Cross- subject learning through the use of paper maps.

Updated: Feb 1

𝐄𝐝𝐮𝐜𝐚𝐭𝐢𝐨𝐧! 𝐈 𝐤𝐧𝐨𝐰, 𝐈 𝐤𝐧𝐨𝐰, 𝐈𝐭 𝐜𝐚𝐧 𝐛𝐞 𝐚 𝐡𝐞𝐚𝐭𝐞𝐝 𝐭𝐨𝐩𝐢𝐜. Opinions range from what content should be taught to how it should be taught. Some people favor the 3 basics Reading, Writing & Arithmetic. Others want the 4 standards English, math, science and social studies and some believe life skills over formal education is the way to go. It seems unlikely we will all come to an agreement 100% 𝐛𝐮𝐭 𝐭𝐡𝐞𝐫𝐞 𝐢𝐬 𝐨𝐧𝐞 𝐢𝐭𝐞𝐦 𝐭𝐡𝐚𝐭 𝐜𝐚𝐧 𝐛𝐞 𝐮𝐭𝐢𝐥𝐢𝐳𝐞𝐝 𝐧𝐨 𝐦𝐚𝐭𝐭𝐞𝐫 𝐰𝐡𝐞𝐫𝐞 𝐲𝐨𝐮 𝐟𝐚𝐥𝐥.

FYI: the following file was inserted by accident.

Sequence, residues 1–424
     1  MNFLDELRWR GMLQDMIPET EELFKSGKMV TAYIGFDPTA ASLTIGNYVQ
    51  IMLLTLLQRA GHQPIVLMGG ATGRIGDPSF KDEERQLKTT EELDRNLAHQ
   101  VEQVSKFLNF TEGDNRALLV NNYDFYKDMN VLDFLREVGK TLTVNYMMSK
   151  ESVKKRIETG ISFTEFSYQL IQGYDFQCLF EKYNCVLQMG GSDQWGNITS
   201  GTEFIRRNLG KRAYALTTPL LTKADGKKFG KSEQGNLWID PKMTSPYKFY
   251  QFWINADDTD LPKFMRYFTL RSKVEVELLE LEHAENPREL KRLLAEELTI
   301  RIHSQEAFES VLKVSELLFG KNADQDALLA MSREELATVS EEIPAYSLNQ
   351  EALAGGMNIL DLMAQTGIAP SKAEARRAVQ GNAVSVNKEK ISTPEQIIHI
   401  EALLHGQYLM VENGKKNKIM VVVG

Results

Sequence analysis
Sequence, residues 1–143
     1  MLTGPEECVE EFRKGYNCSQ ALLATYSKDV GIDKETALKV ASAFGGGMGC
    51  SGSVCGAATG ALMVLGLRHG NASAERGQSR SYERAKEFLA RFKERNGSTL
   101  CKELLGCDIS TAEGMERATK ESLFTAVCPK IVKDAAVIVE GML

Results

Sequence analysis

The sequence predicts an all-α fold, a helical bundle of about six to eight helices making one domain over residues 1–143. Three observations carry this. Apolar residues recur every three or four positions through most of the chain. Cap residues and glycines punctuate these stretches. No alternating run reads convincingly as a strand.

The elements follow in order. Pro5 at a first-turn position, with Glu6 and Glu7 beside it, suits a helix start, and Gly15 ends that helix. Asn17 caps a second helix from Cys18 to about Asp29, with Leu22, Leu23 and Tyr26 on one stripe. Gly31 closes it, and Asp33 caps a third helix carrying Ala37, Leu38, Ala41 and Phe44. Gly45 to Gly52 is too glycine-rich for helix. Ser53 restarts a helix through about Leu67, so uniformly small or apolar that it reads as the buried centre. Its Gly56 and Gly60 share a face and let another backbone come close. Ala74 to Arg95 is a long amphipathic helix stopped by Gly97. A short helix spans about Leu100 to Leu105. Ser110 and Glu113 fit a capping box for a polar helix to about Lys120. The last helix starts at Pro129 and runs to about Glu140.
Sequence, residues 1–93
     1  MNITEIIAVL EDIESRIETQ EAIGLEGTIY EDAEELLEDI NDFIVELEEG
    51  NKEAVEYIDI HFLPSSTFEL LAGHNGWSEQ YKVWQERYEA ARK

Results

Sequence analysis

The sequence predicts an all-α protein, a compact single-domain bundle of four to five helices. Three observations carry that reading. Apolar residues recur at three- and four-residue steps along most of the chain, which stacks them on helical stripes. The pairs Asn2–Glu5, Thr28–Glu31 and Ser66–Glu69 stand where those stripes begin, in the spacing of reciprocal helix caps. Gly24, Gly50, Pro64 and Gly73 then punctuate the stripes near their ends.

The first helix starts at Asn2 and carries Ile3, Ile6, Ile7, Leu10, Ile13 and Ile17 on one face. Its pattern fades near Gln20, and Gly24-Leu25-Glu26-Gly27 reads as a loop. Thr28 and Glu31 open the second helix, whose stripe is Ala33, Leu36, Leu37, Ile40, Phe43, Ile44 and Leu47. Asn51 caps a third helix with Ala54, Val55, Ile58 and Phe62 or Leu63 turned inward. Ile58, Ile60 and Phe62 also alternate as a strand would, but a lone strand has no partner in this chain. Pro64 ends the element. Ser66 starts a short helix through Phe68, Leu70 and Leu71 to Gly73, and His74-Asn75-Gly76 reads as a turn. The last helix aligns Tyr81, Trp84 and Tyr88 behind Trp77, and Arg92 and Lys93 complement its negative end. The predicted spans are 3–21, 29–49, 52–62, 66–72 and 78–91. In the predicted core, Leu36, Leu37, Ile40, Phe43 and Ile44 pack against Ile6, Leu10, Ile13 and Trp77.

𝐌𝐚𝐩𝐬! Maps are an important tool in education. We all know (or at least we should) the importance of teaching navigation skills and many think that is where maps in the classroom end. Maps can do so much more than just get us from point A to B they provide foundational skills that aid in cross-subject learning. Let's take a look at some of the ways maps can be utilized in education 𝐄𝐧𝐠𝐥𝐢𝐬𝐡 & 𝐕𝐨𝐜𝐚𝐛𝐮𝐥𝐚𝐫𝐲 - Maps have a whole jargon of their own. A new glossary of terms and definitions for kids to study and learn. 𝐄𝐧𝐠𝐥𝐢𝐬𝐡, 𝐅𝐨𝐫𝐞𝐢𝐠𝐧 𝐥𝐚𝐧𝐠𝐮𝐚𝐠𝐞 & 𝐡𝐢𝐬𝐭𝐨𝐫𝐲- In the hand written descriptions and place names on Historic maps show what language a country spoke. Then from the place names you can look for root words I.e. Maps Mundi with a Vulgar Latin root (simplified). 𝐄𝐧𝐠𝐥𝐢𝐬𝐡, 𝐠𝐞𝐨𝐠𝐫𝐚𝐩𝐡𝐲, 𝐫𝐞𝐚𝐝𝐢𝐧𝐠 𝐜𝐨𝐦𝐩𝐫𝐞𝐡𝐞𝐧𝐬𝐢𝐨𝐧 & 𝐚𝐫𝐭 - Many children are visual learners drawing map from the content read in a book I.e. The location of the main character or his journey helps with reading comprehension. 𝐌𝐚𝐭𝐡, 𝐠𝐞𝐨𝐠𝐫𝐚𝐩𝐡𝐲 & 𝐭𝐫𝐢𝐠𝐨𝐧𝐨𝐦𝐞𝐭𝐫𝐲- Longitude and latitude in themselves are mathematical in nature requiring formulas and calculations between points and predicting travel time. They also aid in teaching degrees or radians. 𝐄𝐚𝐫𝐭𝐡 𝐒𝐜𝐢𝐞𝐧𝐜𝐞, 𝐡𝐲𝐝𝐫𝐨𝐥𝐨𝐠𝐲, 𝐆𝐞𝐨𝐠𝐫𝐚𝐩𝐡𝐲 & 𝐆𝐞𝐨𝐥𝐨𝐠𝐲 - topographic maps can be used to study the landscape with natural mountains and rock formations. By studying them we see how changes in natural landscape effect the area around it. 𝐓𝐫𝐢𝐠𝐨𝐧𝐨𝐦𝐞𝐭𝐫𝐲 & 𝐏𝐡𝐲𝐬𝐢𝐜𝐬- maps are important in teaching Spherical Law of Cosines and Pythagorean theorem. 𝐏𝐡𝐲𝐬𝐢𝐜𝐬 & 𝐚𝐬𝐭𝐫𝐨𝐧𝐨𝐦𝐲 - scientists have used Equirectangular approximation to calculate sizes of areas on other worlds. 𝐇𝐢𝐬𝐭𝐨𝐫𝐲, 𝐬𝐨𝐜𝐢𝐚𝐥 𝐬𝐭𝐮𝐝𝐢𝐞𝐬 - Historical map comparison shows changes in place names, boarders, kingdoms etc. Aids I'm population and culture tracking. 𝐄𝐜𝐨𝐧𝐨𝐦𝐢𝐜𝐬, 𝐬𝐨𝐜𝐢𝐚𝐥 𝐬𝐭𝐮𝐝𝐢𝐞𝐬 & 𝐞𝐜𝐨𝐧𝐨𝐦𝐢𝐜𝐬- thematic maps show political, religious, age demographic etc information by locale. Studying this information is a valuable tool in tracking economic trend changes over time. 𝐀𝐫𝐭 & 𝐏𝐡𝐲𝐬𝐢𝐜𝐚𝐥 𝐄𝐝𝐮𝐜𝐚𝐭𝐢𝐨𝐧 - drawing maps then following them opens creative pathways while following them physically helps learn not only navigation skills but gets children outdoors. These are just a small few examples of ways maps can be utilized in the classroom. Maps invite curiosity and exploration. For more information on the subject or lesson plan examples National Geographic’s Map Skills for Elementary Students is a great source. Map on